by Atousa Pilger
The current protests in Iran have taken many by surprise, both in the West and in the Regime itself. People want to know what caused them, what it means, and where it will go next.
Well, the current protest is unfinished business for the people of Iran. For over a century, the people have been fighting for democracy in their country but each time, they have been stopped in their tracks by imperialist, right-wing counterrevolutions.
In 1905, they protested the monarchy as well as British and Russian imperialism, and managed to establish a parliament, but the Shah attacked the parliament and Russian and British imperialism re-established control in 1911.
In 1951, Iranian prime minister Mohammad Mossadegh established a secular, democratic government, but was overthrown in a joint-coup by the American CIA and the British MI6 to institute the Shah (supported by Ayatollah Ruhollah Khomeini).
In 1979, the Iranian people rose once again to demand an end to martial law, the release of political prisoners, the restoration of civil and constitutional liberties, and nationalisation of the oil industry. Their revolution was usurped by Khomeini, who took over as Supreme Leader. He began to murder dissidents, shut down free speech, make a bastardized version of Islam into law, forcibly spread the ‘Islamic’ revolution across the Middle East, and ultimately destroy the country.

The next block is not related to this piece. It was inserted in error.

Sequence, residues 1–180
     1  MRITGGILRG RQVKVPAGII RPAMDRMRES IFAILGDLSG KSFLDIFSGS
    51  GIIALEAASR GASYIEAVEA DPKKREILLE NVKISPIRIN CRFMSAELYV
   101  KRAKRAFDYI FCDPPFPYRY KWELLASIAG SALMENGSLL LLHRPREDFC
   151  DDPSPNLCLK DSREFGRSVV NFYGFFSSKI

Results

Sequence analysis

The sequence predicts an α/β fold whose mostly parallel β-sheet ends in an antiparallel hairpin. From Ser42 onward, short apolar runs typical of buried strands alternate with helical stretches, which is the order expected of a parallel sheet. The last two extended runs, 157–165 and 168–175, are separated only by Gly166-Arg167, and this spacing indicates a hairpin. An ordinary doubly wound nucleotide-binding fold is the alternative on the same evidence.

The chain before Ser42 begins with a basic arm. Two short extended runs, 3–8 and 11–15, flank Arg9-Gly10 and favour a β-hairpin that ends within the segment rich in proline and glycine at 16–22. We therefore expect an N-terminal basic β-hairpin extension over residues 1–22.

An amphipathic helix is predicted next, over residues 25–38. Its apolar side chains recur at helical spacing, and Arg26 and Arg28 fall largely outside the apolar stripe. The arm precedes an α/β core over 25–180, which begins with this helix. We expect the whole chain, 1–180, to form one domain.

Thus, we have the current protests, opposed to the mullahs’ rule.
The protests may have different trigger causes for each wave of demonstrations but they all have the same end goal: a free Iran.
It started over the cost of basic food items in Mashhad and within days swelled to an anti-regime protest that had taken over every province in Iran. In many places, the people are loudly calling for the death of the mullahs and an end to the regime.
The protests are a result of the Regime’s corruption, economic plundering, and disastrous record on human rights, so how has the Regime responded? A crackdown on its people, of course.
At least 50 people have been killed in the protests and 8,000 imprisoned (some who had not even taken part in the protests) but the people are not backing down. There is no mistaking, a protest like this has not been seen in years and it won’t be going away anytime soon.
Rohini Hensman wrote on Track Persia: “The demonstrations may decline in the face of the massive crackdown, but the grievances that exploded during the protests still remain…Iran’s democratic revolution still has a way to go, but it will surely succeed.”